Finding solid footing after a blindfolded leap of faith is a reward all on its own. I knew barely a thing stepping through the doors of Hoxton Hall, but here I was, dressed in blue jeans and a white shirt, like all the other attendants. A tale of love and connection. A dystopian matchmaking institute, promising success rates of 100%. The price of love? We’d soon find out.
Fidelity, Fortitude and Self Discipline – the three pillars of the Institute. Modern technology has cheapened love. Available at our fingertips, a game of swiping left or right, not ever seeing the people behind potential matches. We were here to make a change, to find true connection. The corridors of Hoxton hall are weirdly fitting for the restricted, rule-ridden six-week program we had enlisted ourselves in. If you have ever seen a slightly rotund Colin Farrell try to find love in The Lobster – maybe imagine something the likes of that – minus the absurdist twist. Obligatory bread making classes, food for two 101. All of us, including the actors, dressed the same, each of us with a number slapped across our chest. I was 1020. There would be no exercising alone. No chewing gum. No hugging. No masturbation. And very importantly, absolutely no dancing alone.
Soon, we met the director of the institute, a slightly scary-looking man with a maniacal glint in his eyes. Our instructors at the Institute, all with wide, but maybe somewhat forced smiles? No laughing, no talking. Stand in a single file. We were addressed by our number, CCTVs following our every move. After having been taught the ropes of a formal dance, it was time for our very first dance social. It was made utterly clear that the importance of this was not to be underestimated, we might very well encounter a potential mate here! So there we were, on the dance floor, paired at random with a partner. I danced with another twenty-and-something guy, equally inept as me in following the exact dance moves of the routine. We are pulled to the side by one of the instructors, sternly told off for our laughing and bad dancing.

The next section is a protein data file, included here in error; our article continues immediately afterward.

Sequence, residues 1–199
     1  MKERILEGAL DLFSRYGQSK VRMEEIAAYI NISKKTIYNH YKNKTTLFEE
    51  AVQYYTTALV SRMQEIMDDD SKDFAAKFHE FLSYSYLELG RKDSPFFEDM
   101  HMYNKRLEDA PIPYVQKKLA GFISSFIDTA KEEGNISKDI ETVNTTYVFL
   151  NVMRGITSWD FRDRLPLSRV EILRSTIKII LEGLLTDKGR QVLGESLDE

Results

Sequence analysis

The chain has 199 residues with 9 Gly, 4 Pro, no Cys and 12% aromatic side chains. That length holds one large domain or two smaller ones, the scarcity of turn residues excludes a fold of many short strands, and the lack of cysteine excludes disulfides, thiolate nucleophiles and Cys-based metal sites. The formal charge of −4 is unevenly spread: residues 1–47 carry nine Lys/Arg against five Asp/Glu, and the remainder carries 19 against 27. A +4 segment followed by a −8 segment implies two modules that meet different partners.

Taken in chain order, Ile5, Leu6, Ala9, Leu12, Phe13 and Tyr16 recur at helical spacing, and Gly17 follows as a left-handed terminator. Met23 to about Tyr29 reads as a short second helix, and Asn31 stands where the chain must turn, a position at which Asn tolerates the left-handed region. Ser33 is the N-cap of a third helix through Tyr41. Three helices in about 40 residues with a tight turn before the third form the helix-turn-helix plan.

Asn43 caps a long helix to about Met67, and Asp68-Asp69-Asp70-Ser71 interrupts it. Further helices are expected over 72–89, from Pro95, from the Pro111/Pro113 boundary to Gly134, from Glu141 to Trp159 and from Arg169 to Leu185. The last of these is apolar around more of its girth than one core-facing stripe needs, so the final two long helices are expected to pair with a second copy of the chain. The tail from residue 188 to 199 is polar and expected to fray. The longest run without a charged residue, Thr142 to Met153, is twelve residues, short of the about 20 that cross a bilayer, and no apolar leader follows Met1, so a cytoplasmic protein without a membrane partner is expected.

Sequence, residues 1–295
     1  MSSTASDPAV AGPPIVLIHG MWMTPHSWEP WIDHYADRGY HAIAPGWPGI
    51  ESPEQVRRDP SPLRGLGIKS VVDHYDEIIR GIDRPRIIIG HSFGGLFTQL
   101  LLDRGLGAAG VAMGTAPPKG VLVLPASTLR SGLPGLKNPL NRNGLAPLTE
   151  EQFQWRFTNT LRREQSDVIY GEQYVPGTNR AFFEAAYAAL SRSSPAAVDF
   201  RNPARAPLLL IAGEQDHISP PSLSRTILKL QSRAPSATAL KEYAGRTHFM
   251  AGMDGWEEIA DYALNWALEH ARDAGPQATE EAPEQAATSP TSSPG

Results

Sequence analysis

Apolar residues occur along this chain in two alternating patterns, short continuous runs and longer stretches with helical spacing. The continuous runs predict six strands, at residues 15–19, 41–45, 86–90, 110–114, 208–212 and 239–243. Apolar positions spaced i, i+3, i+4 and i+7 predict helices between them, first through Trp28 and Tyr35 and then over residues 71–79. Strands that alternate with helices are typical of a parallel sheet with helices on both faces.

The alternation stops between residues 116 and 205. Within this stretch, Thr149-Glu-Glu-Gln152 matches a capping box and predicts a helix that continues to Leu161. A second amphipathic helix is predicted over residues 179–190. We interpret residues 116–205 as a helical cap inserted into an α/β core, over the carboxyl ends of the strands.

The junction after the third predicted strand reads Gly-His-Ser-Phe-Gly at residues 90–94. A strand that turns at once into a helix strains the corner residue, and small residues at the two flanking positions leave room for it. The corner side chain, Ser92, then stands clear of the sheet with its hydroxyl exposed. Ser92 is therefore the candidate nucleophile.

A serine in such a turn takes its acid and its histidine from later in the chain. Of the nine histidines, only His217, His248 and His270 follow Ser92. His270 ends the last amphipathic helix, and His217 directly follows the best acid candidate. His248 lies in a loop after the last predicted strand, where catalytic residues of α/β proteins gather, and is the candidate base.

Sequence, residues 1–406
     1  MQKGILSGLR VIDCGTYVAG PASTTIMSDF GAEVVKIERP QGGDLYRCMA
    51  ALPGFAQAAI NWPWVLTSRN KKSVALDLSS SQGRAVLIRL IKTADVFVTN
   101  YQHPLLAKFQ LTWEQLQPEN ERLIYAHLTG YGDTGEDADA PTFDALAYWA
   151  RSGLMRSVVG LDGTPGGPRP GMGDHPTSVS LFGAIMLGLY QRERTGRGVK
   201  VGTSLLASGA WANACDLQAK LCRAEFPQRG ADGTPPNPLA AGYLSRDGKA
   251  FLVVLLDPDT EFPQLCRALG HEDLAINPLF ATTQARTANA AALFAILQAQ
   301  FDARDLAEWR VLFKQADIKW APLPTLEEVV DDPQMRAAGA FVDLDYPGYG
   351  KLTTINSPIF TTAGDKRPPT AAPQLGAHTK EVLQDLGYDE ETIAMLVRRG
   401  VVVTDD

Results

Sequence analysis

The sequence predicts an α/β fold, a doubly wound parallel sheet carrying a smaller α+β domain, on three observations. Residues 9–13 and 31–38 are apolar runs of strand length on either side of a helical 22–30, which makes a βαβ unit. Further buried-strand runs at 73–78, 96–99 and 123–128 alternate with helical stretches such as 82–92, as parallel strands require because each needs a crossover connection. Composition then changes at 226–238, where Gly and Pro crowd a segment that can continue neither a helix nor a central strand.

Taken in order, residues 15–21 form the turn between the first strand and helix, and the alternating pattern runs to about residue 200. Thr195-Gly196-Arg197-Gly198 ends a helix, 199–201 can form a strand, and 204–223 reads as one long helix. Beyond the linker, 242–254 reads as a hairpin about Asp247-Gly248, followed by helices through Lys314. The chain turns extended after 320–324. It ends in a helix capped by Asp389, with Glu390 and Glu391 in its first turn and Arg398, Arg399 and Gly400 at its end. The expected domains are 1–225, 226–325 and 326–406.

It was from the sideline then that we suddenly saw a commotion. One of our instructors, moments before just as strict and disciplined as the others. But now – he was dancing… alone. Panicked chaos fills the room as he jumps on stage, pirouetting like his life depended on it. He is beaming, the first proper, honest happiness I had seen on one of the instructors’ faces. In a trance, he rips of his shirt and keeps dancing, while the others are begging him to stop. And then, the director intervenes. Soon after, the Institute shows its darker side…
As promised, in the end, we found ourselves on the dance floor once more – our numbers ripped off. There was dancing, and hugging. Rules had been broken. We were free. I had entered the show at 19:30 and left at around midnight, wide smile across my face. The transition from immersive storytelling to reality has never been resolved this thoughtfully, fully incorporated in the experience. Back home, I tried telling my friends about The Last Dance. And while I could tell about what happened, I really found no words for how much fun I had had, how much we had laughed, how incredible it all had been. We danced, and oh, how we danced. I stepped through the doors alone, but during the show I talked to so many people, had fun with all of them, sharing little moments. The Last Dance was everything. A tense narrative experience, full of revelations, of catharsis, of pure fun. It was utterly bizarre, in the greatest way. It really is something you should (and you really should!) experience for yourself. Never did anything feel forced or awkward, the tone was just right. Reuben Feels hit the nail on the head with this one.
Photos by Rajvi Vaya.